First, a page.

What is knee arthroscopy?
Knee arthroscopy is a minimally invasive surgical technique that helps doctors diagnose and treat knee injuries. During the procedure, your doctor will make a small incision and insert a tool with a camera at the end. The camera displays the images, aiding your medical team in diagnosing your injury.
When is knee arthroscopy recommended?
Doctors typically recommend knee arthroscopy if you’ve tried other nonsurgical methods without success. Such treatments can include rest, physical therapy, ice and nonsteroidal anti-inflammatory drugs. Arthroscopy helps healthcare providers get a good look at the cartilage, bones and soft tissues of the knee.
Many athletes, including adolescents, develop knee injuries through sports. Those playing contact sports or activities that require jumping or harsh movements have an increased risk of injury.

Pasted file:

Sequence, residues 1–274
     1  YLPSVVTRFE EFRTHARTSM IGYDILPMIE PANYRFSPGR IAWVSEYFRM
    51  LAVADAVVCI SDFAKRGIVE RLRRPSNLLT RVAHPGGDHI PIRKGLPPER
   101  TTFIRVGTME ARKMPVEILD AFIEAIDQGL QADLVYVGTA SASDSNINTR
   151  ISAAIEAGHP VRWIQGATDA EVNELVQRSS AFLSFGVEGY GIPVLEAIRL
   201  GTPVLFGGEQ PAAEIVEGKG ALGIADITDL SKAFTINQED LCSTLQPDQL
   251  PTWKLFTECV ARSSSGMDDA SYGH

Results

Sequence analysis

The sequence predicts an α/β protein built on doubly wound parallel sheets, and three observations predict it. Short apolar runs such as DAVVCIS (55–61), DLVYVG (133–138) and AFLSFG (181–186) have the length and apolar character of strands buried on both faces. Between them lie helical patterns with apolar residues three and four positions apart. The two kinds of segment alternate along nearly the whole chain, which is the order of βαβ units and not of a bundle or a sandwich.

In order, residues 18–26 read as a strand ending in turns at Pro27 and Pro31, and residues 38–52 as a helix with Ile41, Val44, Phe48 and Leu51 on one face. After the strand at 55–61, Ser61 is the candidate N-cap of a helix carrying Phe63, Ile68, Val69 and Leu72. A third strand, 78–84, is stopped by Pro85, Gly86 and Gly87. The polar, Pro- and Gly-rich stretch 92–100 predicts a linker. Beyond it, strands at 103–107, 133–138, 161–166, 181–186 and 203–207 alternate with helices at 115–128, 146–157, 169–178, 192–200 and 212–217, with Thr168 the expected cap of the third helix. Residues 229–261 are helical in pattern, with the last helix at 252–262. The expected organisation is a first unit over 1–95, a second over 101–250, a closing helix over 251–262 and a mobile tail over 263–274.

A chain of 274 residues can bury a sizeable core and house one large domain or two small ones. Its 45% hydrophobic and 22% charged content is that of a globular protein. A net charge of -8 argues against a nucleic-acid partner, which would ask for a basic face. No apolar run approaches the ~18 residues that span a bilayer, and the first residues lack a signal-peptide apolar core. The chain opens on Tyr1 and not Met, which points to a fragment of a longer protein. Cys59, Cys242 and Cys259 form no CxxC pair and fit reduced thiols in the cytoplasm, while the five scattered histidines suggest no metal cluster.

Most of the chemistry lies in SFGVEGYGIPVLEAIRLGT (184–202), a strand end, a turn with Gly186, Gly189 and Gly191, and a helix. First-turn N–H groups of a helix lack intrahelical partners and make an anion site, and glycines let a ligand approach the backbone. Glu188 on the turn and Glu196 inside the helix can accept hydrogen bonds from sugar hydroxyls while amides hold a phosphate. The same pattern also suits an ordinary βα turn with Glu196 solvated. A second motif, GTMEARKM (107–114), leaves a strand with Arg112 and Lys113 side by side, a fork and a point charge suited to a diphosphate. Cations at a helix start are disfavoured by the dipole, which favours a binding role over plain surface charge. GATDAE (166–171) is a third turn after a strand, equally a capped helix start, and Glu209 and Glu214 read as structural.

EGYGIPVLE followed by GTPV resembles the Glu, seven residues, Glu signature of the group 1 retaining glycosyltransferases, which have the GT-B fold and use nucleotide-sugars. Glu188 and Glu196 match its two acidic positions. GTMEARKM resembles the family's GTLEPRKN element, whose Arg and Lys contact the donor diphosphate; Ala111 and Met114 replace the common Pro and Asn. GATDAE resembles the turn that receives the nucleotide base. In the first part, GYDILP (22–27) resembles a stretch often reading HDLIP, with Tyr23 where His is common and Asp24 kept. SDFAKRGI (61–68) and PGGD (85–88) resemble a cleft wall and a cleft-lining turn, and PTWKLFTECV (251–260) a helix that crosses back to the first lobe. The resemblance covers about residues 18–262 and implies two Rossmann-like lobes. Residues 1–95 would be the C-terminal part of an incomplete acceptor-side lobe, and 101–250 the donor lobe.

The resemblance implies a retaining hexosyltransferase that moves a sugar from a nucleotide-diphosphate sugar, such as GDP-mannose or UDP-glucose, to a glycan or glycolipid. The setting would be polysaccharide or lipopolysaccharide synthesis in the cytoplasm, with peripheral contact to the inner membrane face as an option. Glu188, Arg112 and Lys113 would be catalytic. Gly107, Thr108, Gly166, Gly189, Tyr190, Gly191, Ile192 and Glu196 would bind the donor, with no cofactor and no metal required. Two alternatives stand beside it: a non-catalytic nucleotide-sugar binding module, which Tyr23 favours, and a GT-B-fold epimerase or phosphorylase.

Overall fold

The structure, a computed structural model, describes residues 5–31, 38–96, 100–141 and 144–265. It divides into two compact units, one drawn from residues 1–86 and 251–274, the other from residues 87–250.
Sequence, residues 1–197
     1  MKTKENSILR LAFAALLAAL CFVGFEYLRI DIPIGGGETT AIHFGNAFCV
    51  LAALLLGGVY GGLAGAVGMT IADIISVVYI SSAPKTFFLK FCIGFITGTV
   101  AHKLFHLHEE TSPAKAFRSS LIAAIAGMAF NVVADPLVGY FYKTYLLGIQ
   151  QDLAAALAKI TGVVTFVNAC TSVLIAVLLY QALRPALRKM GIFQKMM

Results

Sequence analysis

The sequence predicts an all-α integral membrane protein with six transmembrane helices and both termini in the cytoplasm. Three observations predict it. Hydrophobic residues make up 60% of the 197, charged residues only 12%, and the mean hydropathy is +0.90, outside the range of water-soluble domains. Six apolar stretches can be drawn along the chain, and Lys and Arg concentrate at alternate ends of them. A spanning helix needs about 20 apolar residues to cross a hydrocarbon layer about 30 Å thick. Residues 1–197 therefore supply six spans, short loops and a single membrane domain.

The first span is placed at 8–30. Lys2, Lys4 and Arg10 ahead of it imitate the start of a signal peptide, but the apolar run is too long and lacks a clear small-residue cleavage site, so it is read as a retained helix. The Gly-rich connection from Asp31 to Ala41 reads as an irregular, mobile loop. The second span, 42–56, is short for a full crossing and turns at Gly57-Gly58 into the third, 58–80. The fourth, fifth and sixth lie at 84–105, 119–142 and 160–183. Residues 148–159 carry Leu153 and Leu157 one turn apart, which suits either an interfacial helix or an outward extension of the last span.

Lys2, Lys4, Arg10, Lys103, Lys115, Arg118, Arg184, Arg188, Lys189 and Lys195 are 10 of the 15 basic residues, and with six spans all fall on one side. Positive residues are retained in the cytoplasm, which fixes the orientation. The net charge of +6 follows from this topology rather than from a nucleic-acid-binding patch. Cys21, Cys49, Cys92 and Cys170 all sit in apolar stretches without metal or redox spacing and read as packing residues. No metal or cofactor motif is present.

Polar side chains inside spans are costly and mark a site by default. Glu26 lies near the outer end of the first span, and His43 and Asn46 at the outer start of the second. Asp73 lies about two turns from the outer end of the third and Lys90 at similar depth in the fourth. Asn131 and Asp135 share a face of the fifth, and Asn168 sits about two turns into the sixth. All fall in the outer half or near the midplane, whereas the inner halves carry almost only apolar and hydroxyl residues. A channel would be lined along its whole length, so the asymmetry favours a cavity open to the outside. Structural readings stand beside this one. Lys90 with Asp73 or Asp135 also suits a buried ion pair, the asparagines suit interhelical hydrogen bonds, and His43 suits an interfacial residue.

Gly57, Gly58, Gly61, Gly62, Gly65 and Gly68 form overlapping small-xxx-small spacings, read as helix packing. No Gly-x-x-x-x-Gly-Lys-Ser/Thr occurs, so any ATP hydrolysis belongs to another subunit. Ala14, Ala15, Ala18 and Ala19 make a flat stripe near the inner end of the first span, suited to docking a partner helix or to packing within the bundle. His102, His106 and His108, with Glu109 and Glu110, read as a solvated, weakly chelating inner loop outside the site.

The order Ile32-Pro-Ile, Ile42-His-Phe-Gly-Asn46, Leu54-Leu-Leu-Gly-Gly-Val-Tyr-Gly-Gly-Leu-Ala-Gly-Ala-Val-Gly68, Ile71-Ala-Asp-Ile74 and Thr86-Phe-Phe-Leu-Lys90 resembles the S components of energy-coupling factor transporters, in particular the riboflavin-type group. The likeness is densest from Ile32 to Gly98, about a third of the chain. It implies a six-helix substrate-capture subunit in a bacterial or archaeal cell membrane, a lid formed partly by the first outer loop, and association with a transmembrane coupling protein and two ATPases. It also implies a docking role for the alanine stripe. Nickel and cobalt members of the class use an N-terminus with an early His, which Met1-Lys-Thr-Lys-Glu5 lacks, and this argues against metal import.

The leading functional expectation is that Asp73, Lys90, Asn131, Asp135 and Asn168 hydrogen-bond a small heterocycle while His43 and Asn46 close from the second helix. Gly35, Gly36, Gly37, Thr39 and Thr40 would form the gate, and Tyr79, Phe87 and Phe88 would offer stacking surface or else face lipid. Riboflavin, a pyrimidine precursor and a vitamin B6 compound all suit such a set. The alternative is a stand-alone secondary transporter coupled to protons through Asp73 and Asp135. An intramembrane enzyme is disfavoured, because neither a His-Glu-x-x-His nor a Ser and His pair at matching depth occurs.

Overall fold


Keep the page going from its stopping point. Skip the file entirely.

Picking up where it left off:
Common knee arthroscopy procedures
- Reconstruction of a torn anterior cruciate ligament (ACL) or a posterior cruciate ligament (PCL)
- Partial removal of the meniscus, known as meniscectomy, or a repair of a torn meniscus
- Removing loose fragments of bone or cartilage
- Treating kneecap problems
- Reconstructing damaged articular cartilage
Because it’s minimally invasive, knee arthroscopy is usually an outpatient procedure. This means the patient goes home the same day the procedure is done.
Over the next few days, you can expect to feel some pain as you recover. However, your healthcare provider will give you pain medication for any discomfort. You’ll also need to stay off your feet and keep your knee elevated.
Most people will resume normal activities without complication after knee arthroscopy. However, that depends on the extent of your initial knee damage. If you’ve had significant damage to your joint, you may need to change your lifestyle and limit high-impact activities.
If you’re sidelined because of a knee injury, let Missouri Orthopedics and Advanced Sports Medicine help you. Contact us today to get more information and discuss your options.